Mumsnet users are begging a pregnant woman to choose a different baby name, dubbing her intended choice “very strange” and “horrendous.”
In a post on the parenting site’s Talk forum, user BoldandBright asked for help selecting a middle name for her daughter.
“Expecting a baby girl and we’ve decided on [the] first name Hero,” she wrote.
“Our other children have unusual but not unheard of names, with more traditional middle names, but struggling to find a name that flows nicely with Hero.
“Our first pick was Emilia but gone off it a little now, any suggestions?” she asked, adding, “Our last name is rare but not ‘weird’ or able to be turned into a joke, and begins with an S.”
However, most users were too distracted by the unusual first name to offer useful suggestions, flooding the post with comments.
How To Choose the Perfect Baby Name
Although parents want their children to stand out for the right reasons, a quirky name comes with both pros and cons.
A 2011 study published in the Journal of Experimental Social Psychology found that people with easily pronounceable names were more likely to get promoted, while researchers at Marquette University found that people with common names were more likely to be hired.
Still, it’s not all bad news for those with unusual names. A study conducted by Beijing’s Institute of Psychology discovered that unique names led to unique careers, such as film director or judge. While research from Arizona State University suggests that people with distinctive names are more confident than their peers, as well as more creative and open-minded.
Brett R. Williams, a licensed marriage and family therapist (LMFT) at the therapy support site ParentGuidance.org, said parents should approach naming their child with empathy.
“It is the ability to put yourself in someone else’s shoes and understand their feelings,” he told Newsweek.
“A name will affect a child’s life for their whole life and therefore should be selected with care.”
Parents should ponder how their child’s name will impact their future, both positively and negatively, he suggested.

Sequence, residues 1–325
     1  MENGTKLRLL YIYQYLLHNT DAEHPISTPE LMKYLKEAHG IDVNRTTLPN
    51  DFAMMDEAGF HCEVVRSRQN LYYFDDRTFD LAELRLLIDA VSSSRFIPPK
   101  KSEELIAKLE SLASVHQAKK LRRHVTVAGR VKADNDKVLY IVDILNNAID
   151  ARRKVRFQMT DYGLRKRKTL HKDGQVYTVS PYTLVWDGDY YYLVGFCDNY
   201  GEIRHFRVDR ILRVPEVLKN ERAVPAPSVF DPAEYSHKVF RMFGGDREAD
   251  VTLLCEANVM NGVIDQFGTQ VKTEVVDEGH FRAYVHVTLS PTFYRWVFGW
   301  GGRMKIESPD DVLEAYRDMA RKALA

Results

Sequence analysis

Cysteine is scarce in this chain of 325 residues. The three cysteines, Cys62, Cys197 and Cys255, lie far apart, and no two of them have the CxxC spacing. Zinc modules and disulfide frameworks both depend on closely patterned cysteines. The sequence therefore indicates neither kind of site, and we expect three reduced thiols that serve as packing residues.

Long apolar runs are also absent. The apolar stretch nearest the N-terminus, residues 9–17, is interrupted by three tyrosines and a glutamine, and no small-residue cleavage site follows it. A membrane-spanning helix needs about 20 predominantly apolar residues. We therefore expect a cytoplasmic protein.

“If you are going to be a new parent, show love to your child and consider how they are going to feel,” Williams said.
“It is easy to only think about how you care about a particular name or focus on what association you have with it. A name should not be about you, but for the admiration of your unborn.”
Janice Robinson-Celeste, a parenting expert and author of Pride and Joy: African American Baby Celebrations, agrees that the decision holds “significant weight and importance.”
“This choice will shape their identity and influence their life trajectory,” she told Newsweek.
“A well-thought-out name can serve as a source of motivation and inspiration for your child during challenging times. It can remind them of their roots, values, and identity and give them the strength to persevere.
“By selecting a name that empowers your child and reflects their unique identity, you can give them a lifelong gift that they will cherish.”
According to linguistic experts, the most beautiful names Americans can choose for a baby girl are Sophia, Zoe, Everly, Sophie, and Riley.
‘The First Name Isn’t Up for Discussion’
Mumsnet users were not a fan of the name “Hero,” especially for a girl, with user Viviennemary calling it “awful.”
“Hero is horrendous,” agreed MajorCarolDanvers.
Louisa4987 wrote: “There’s not much that sounds right with Hero to be honest (because it’s hideous, especially for a girl).”
BurntOutGirl commented: “Before l read the full post, l thought it was a boy’s name… and a pretentious one.”
GettingItOutThere said: “THIS name is a huge reason to be picked on – poor kid.”
Prettypaisleyslippers warned: “Your child is going to have a lifetime of [jokes] unless she has a decent back story.”
DoesItMakeYouFeelBetter suggested the poster “choose something simple, because chances are she will go by her middle name anyway…”
However, some users loved the moniker, with several referencing the character from Shakespeare’s Much Ado About Nothing.
“Strong and gorgeous,” commented BentleyRhythmAce.
“Absolutely adore the name Hero,” agreed mamaes. “Hero Paige would be my pick.”
“Look up the myth about Hero and Leander,” advised StarbucksSmarterSister to the haters. “It’s a Greek girl’s name!
“This thread makes it obvious [that] schools need to teach more Shakespeare and the classics.”
“It’s a popular Japanese girls name too, although I think it’s spelt Hiro,” wrote SassyPants87.
“Hero Beatrice – to keep the Much Ado theme,” suggested paradyning.
While jellybe commented: “[I] almost called my daughter it (I love Much Ado About Nothing). Hero Elizabeth would be lovely.”
In response to the negative comments, BoldandBright said: “The first name isn’t up for discussion really, we’ve chosen it.
“Any child with any name can be bullied. My brother was bullied in school and his name was George!
“Those of you that think you are amateur [comedians] please don’t give up your day job! I’m aware it’s a divisive name but I didn’t ask for any input beyond a middle name.”
Newsweek was not able to verify the details of the case.
BoldandBright isn’t the only mom to split opinions with a divisive baby name. Mumsnet users recently tried to persuade another mom-to-be to drop her “out-there” name choice, while a Reddit user was blasted for calling her sister-in-law’s baby name “basic.”
The post Mom-To-Be Urged Not To Give Baby Daughter Unusual Name: ‘Can Be Bullied’ appeared first on Newsweek.